This past Sunday morning, the OBR’s own Jared Mueller sent me an email inviting me to offer a rebuttal to a piece he was working on. The piece, entitled 2016 Browns: Why Winning Doesn’t Matter was published Monday morning.
Now, Jared and I have had a few discussions on this topic in the past. He knows we fall on opposite sides of the fence on this idea, which is of course why he offered the chance for my perspective. Jared and I both want to see the Browns become a championship contending team. We are friends and colleagues.
His idea is also completely nuts.
Let me start by saying that the goal of the Browns should be to win every game they play. That’s the goal for the players, the coaching staff, the front office and the fans. Never should a team go into a game with some other agenda or goal in mind.
“For Jackson and the new Browns organization, 2016 is about obtaining and identifying players that could be a part of a AFC North Division Title contender in 3 to 4 seasons.” -Jared Mueller.
No question obtaining and identifying players that can contribute to a championship team is one of the tasks that Hue Jackson, Sashi Brown and whoever else is making decisions this week must complete. And it is a big task. A task that the Browns have failed since 1999.
It is not the end of the equation for 2016 though.
I will not pretend that the Browns will become Super Bowl contenders this season. That’s an unrealistic expectation. Nor would I place upon them the worst-to-first expectation, though it is certainly a feat that has been accomplished.
But winning, and winning more is certainly an expectation that fans, players and front office types alike should be able to share.
Let’s break a few things down.
Every team in the league is measured by how many games they win. The teams that win the most get invited to the big tournament at the end of the season. It’s kind of the reason teams play. They want to hoist the Vince Lombardi trophy after the last game while confetti flies all around them. I have yet to see a picture of players taking victory laps with a participation trophy. We aren’t talking about third grade soccer here.
Now in order to get there, the Browns have to improve, but this nebulous ‘get better’ idea also needs to be quantified.
When a team loses consistently, we are left to ask why. Stats help us diagnose problem areas. (Hmmm, the Browns were 29th in yards allowed per game? I bet that defense was a contributing factor.) We can notice that the Browns have trouble setting the edge and stopping the run. But when they ‘get better’ at that, the defense will get off the field more. They will get more stops. The opposing offense will score fewer points, which might even lead to more wins.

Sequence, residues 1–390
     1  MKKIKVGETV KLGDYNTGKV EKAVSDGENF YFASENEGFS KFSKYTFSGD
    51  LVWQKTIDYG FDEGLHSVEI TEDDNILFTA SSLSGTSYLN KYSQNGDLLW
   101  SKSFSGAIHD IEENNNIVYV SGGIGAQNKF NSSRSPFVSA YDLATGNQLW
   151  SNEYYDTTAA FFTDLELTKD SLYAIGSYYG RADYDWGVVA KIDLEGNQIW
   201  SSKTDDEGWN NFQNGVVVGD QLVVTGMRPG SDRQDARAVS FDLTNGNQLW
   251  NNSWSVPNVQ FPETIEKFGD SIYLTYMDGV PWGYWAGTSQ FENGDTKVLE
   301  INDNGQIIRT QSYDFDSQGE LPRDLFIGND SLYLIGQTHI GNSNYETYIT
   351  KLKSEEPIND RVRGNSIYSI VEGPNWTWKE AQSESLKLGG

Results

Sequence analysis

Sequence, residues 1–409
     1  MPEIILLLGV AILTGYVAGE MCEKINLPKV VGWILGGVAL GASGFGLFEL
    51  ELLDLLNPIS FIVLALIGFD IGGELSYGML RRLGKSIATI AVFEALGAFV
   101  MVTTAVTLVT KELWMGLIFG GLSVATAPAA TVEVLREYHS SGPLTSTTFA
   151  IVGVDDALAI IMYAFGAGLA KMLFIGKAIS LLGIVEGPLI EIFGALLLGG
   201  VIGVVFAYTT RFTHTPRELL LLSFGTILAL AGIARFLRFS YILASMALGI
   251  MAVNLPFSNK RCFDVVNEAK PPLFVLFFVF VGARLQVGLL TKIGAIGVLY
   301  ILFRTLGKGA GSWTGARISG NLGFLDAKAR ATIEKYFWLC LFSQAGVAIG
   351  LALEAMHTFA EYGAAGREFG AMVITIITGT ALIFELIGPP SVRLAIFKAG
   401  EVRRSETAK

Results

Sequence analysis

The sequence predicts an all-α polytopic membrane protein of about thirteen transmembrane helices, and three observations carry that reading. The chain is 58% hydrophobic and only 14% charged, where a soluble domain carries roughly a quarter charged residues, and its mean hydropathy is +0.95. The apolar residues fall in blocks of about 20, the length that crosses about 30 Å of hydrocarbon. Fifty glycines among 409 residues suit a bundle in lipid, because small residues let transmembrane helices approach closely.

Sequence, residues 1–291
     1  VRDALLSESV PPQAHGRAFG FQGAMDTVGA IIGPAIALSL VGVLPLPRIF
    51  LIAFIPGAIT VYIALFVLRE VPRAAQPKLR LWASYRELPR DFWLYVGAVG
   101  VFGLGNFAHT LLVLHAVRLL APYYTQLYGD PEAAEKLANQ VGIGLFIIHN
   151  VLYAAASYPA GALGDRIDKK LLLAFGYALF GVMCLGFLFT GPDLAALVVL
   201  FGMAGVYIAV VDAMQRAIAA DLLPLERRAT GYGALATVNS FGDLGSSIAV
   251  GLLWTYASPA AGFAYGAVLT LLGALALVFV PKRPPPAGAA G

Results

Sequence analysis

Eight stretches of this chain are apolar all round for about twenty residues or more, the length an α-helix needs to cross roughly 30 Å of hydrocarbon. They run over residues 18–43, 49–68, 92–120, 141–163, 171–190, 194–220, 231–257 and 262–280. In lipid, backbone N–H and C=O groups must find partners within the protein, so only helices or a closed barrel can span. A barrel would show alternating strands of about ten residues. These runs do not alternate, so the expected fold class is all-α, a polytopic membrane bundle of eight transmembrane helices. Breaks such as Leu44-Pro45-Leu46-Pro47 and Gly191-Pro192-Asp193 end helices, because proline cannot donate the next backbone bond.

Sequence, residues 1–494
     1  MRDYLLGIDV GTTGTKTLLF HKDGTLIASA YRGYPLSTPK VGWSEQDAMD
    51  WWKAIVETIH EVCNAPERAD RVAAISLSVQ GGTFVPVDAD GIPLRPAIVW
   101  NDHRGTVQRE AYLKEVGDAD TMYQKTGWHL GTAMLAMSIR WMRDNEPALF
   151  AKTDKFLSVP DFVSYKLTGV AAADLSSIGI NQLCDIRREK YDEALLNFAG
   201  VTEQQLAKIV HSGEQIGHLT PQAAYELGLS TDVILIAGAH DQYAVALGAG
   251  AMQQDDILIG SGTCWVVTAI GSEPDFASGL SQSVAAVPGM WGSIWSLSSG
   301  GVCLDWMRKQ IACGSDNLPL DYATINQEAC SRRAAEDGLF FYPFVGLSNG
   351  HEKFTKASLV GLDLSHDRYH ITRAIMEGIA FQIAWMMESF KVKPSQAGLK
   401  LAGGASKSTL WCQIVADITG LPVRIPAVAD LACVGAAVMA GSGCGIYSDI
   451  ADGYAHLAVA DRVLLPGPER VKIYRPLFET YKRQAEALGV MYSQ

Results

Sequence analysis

A lack of playmakers on offense? No consistency in the running game? No deep threat to stretch the field? No go-to guy in the red zone? Improvement in these areas will lead to—say it with me—more points, which leads to MORE WINS!
When you are talking about a team that went 3-13 a year ago, improvements will lead to more victories. Maybe not eight victories in Hue’s first year, but is there really any reason they can’t win six lousy games?
Oh, what’s that? The Browns lost every free agent they had?
Well let’s be real clear about something. The ‘clean slate’ for this new regime didn’t start AFTER free agency began. Letting go of good, young players is a mistake. The Browns were supposed to let Mitchell Schwartz walk because by the time the team is ready to contend he’d be up for another contract? How is that a legitimate argument? Ok, so he’s a free agent again. Make your decision then if he’s good enough to keep or if you need to replace him with a cheaper option.
The Browns have serious roster holes. Allowing homegrown players coming into their prime to walk just creates more holes. Last time I checked, the Browns don’t have six picks in the first two rounds.
Fans should and do know that this team is at rock-bottom. If you could guarantee that in three years the Browns would be a contender, most fans would put up with just about anything in 2016, but to say that winning doesn’t matter is just crazy-talk.
Winning is why coaches give up time with their families and study film.
Winning is why players play through pain and work to become the best.
Winning is why fans show up on cold, blustery Sundays in December.
Doesn’t matter? Crazy-talk.